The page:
By MacDonald Dzirutwe
HARARE (Reuters) - Uncertainty over the date of elections in Zimbabwe is pushing the fragile economy closer to recession just as it was pulling out of a decade of decline, the finance minister said on Tuesday.
Presidential and parliamentary elections should be held this year but political reforms and problems finding the money to pay for the vote in the impoverished country are holding things up and no date has been set.
Finance Minister Tendai Biti said the economy could have shrunk by up to 3 percent during the first quarter of this year due to election uncertainty as well as low farm output, declining tax revenues and export earnings.
"The elephant in the living room evidently is the election and the sooner there is clarity on the dates from the politicians the better for the economy," Biti told reporters.
Zimbabwe needs $132 million to fund the election but conditions attached to any foreign financing have divided the already fractious unity government, whose main players - President Robert Mugabe's ZANU-PF and Prime Minister Morgan Tsvangirai's MDC - will be rivals for power in the vote.
Any repeat of violence that accompanied the last vote in 2008 could end Zimbabwe's nascent economic recovery and unleash another refugee crisis similar to the one five years ago when hundreds of thousands fled to neighboring South Africa.
The state-owned Herald newspaper quoted Mugabe as saying regional leaders would hold a summit to discuss how to fund the election in which the president is seeking to extend his three-decade rule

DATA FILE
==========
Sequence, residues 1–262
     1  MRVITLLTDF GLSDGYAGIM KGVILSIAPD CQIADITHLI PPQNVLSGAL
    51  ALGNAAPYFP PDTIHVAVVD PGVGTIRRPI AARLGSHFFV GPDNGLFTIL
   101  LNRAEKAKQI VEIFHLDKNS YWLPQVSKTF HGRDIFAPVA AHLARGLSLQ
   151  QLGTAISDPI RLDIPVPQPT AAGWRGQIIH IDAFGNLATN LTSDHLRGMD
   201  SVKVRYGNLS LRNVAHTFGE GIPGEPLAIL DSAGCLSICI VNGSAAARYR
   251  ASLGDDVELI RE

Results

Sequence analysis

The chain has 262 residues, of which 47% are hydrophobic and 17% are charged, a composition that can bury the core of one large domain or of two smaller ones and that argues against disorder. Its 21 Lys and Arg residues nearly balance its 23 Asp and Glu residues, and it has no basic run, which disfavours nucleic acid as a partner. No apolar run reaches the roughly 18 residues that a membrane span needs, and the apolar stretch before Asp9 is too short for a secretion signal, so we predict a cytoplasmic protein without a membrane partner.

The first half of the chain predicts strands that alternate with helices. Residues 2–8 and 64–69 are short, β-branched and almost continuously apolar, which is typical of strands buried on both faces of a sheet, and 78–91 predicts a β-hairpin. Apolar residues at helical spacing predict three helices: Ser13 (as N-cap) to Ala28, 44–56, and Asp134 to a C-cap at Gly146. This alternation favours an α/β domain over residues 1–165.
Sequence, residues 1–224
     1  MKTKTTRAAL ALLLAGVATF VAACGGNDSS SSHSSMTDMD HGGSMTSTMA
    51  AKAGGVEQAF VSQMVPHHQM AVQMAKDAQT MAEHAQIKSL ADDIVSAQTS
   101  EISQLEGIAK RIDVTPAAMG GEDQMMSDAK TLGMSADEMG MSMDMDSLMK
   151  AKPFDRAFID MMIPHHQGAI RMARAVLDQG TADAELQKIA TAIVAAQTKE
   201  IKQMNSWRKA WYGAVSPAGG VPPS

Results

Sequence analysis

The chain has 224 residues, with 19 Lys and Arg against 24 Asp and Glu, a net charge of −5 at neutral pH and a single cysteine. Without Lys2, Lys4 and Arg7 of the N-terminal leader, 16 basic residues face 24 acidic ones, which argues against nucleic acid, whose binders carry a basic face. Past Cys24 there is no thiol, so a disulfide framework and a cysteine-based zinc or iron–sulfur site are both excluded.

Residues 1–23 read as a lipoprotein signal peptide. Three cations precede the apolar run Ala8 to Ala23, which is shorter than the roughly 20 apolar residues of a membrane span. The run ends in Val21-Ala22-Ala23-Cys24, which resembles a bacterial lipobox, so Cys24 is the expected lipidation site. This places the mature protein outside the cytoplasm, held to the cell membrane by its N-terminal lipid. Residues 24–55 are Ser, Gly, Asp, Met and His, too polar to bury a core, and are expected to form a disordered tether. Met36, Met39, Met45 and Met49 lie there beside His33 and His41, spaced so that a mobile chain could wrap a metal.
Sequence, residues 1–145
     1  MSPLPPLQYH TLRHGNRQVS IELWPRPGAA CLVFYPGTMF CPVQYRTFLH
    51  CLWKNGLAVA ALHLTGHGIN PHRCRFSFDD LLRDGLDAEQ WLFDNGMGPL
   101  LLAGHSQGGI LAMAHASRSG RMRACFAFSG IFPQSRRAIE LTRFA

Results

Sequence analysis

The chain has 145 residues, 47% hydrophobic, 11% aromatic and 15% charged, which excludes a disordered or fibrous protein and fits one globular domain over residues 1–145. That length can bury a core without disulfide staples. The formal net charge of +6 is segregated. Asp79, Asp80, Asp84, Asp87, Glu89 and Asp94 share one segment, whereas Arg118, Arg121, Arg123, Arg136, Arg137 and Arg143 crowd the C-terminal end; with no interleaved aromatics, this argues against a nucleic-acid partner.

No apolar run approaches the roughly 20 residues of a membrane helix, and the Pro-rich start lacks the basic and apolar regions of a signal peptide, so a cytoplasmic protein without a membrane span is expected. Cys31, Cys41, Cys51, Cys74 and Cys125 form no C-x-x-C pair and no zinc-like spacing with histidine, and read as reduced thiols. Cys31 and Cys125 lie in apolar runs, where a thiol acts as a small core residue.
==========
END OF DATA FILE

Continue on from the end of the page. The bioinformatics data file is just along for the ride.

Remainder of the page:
Officials from the SADC regional bloc of 15 southern African states were not immediately available for comment.
ZANU-PF is pushing for funding with as few strings as possible. It withdrew a United Nations request to fund the poll accusing the U.N. of trying to interfere in domestic issues.
The MDC is keen to attach the money to the deployment of election observers. It fears ZANU-PF, whose members are under Western sanctions for suspected rigging of previous votes, will use the security forces to intimidate voters.
But SADC observers could be a compromise amenable to Mugabe, who regularly rails against the West for imposing sanctions he blames for ruining an economy that critics say was wrecked by his own policies.
ZANU-PF wants elections by June 29, when parliament will be dissolved, but the MDC says they should be delayed to allow for the opening of broadcast media - currently a state monopoly - to private players, registration of new voters and reform of the military to keep it out of politics.
Mugabe and Tsvangirai displayed rare unity this year in pushing through a new constitution at a referendum, a critical step for the election but which depleted state coffers for the next vote.
The new constitution clips the powers of the president and imposes a two-term limit. It does not apply retroactively so the 89-year-old Mugabe could, in theory, rule until he is 99.
(Editing by Jon Herskovitz and Robin Pomeroy)